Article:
. . . Olmert associate Tal Zilberstein told Channel 10 that Livni would be fired, possibly due to Livni telling reporters following their meeting that she believed the prime minister should step down.
"The people thirst for worthy leadership. It is the leadership's duty to guide us towards change," Barak said during his the annual commemoration ceremony in honor of the fallen graduates of military boarding schools, held at the Reali School in Haifa.
. . .
"When the dust settles over the findings and protocols of the Winograd Committee, we will see many conclusions pertaining to the management of the IDF and the home front, the decision making process, and, above all, the Israeli leadership's vital need for experience at this time," Barak said.
"This is not true of Denmark or Uruguay, and, some would say that this is not true of Great Britain, but the state of Israel has no substitute for experience in its top political echelons. Dan Halutz is one of the most talented [military leaders] this country has had in recent generations. Amir Peretz is talented. Olmert is talented, and the three of them surely had good intentions regarding the war, but ultimately, what happened, is that also on those levels there is need for more experience," added Barak.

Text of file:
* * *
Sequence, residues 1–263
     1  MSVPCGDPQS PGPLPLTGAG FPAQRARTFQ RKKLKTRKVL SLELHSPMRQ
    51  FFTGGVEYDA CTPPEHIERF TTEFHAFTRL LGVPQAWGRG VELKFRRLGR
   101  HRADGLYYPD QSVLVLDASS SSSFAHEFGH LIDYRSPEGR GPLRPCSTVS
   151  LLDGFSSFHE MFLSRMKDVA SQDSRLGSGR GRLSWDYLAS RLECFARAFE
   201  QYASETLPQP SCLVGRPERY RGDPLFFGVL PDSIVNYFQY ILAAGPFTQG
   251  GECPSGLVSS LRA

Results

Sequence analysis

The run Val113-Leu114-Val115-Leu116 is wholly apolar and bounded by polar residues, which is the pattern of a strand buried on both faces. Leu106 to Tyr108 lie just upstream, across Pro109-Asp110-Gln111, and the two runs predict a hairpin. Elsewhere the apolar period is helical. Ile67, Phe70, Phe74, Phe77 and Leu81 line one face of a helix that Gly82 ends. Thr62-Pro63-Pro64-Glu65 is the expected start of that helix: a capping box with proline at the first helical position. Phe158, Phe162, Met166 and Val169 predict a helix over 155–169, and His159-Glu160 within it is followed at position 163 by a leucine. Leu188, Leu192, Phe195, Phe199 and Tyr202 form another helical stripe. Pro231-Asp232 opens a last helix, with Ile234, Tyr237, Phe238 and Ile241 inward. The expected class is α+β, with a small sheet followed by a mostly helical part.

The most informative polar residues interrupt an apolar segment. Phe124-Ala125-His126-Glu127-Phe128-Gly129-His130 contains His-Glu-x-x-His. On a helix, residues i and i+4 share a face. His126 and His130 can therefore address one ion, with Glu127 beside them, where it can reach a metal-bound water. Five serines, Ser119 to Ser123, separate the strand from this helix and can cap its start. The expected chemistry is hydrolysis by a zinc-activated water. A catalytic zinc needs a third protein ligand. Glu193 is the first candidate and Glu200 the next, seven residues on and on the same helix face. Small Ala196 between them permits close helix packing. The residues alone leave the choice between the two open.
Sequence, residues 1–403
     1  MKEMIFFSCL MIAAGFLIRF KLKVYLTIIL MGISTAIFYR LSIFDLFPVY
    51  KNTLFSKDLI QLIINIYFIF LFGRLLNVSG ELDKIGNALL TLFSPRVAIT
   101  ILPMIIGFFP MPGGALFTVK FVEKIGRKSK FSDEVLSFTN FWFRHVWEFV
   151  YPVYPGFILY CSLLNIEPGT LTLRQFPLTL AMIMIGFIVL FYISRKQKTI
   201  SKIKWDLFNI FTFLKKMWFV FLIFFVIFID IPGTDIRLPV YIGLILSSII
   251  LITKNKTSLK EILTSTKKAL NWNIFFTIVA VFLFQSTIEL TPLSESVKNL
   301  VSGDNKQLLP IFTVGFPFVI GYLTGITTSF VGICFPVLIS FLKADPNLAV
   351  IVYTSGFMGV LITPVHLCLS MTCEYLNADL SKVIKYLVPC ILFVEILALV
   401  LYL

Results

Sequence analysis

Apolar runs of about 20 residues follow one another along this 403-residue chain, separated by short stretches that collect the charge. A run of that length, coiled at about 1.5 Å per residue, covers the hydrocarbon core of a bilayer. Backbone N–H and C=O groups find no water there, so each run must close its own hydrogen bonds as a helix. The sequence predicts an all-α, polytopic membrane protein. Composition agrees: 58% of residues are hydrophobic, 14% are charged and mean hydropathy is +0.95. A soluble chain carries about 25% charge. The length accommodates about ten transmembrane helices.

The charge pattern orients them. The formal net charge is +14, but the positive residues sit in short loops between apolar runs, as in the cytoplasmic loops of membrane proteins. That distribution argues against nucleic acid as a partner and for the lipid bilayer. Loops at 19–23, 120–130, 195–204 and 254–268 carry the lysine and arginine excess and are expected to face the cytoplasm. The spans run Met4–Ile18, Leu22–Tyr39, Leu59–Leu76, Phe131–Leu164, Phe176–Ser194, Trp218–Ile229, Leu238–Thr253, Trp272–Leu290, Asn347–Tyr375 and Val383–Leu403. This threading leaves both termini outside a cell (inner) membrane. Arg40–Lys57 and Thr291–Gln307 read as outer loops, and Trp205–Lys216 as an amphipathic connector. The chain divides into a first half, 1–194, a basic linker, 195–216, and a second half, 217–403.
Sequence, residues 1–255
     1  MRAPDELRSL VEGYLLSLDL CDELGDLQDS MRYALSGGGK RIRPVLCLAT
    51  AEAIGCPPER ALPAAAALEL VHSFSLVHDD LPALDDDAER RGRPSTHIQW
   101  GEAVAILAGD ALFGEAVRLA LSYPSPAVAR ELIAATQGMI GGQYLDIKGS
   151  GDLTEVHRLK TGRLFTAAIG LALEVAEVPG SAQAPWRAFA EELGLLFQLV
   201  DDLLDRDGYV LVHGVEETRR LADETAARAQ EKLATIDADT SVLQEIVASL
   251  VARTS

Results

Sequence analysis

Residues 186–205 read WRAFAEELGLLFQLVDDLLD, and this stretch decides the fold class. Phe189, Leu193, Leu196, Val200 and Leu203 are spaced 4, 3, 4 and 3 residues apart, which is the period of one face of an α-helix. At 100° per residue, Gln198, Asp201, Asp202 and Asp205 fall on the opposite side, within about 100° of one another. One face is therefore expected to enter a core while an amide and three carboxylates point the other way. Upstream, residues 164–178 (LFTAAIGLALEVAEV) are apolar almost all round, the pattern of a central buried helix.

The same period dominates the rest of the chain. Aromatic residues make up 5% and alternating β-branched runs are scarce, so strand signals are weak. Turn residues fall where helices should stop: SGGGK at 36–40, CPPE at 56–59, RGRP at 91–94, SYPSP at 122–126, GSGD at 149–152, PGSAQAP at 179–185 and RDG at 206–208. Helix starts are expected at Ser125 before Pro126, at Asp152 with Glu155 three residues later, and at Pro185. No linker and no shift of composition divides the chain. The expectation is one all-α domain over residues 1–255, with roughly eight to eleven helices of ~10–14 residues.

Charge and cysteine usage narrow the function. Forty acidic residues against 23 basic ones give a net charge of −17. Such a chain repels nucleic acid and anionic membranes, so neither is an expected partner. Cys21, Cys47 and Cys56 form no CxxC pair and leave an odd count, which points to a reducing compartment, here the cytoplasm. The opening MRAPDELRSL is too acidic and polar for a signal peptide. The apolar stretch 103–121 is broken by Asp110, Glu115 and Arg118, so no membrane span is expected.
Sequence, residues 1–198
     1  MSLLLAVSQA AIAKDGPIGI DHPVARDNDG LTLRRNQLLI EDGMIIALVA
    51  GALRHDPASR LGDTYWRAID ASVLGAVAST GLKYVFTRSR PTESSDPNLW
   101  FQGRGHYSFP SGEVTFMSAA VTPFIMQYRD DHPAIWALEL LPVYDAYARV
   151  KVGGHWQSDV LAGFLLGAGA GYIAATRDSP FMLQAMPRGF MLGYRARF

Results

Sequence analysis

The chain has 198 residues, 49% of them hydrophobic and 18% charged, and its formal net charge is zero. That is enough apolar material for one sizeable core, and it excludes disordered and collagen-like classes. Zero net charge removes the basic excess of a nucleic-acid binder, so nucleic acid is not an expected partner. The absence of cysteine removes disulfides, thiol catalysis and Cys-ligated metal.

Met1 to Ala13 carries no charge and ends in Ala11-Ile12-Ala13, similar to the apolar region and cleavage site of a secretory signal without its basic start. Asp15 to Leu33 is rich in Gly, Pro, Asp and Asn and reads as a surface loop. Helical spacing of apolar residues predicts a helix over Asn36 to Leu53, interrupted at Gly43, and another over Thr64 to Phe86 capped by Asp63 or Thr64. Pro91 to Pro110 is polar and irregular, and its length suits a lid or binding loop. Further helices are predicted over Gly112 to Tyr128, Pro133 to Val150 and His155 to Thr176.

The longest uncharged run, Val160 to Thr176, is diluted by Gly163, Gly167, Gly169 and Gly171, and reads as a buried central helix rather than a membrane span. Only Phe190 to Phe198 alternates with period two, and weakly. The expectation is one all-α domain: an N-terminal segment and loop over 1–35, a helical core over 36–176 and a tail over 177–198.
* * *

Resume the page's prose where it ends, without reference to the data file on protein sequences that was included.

It's basically true that we learn from our mistakes and if life is not about getting second chance then it's meaningless. Yet there is a problem with this approach. In practical terms it's a good way to experience life in many places. It should be true of Urugway or Denmark. It may even be true of Great Britain itself. But this is Israel. This country may simply not survive another round of learning sessions by generals who try their hand at peace making and civilians who fancy themselves with being military leaders.
Unfortunately taking personal responsibility for fiascos and failures is not the way of Israeli politicians. It's actually not the way of the country's CEO's and business managers. And to tell the truth, nobody practices this shit here (including me NB) !!! For some reason this particular aspect of human social behavior struggles to take root in this country. This is simply not part of the HebrewWali.
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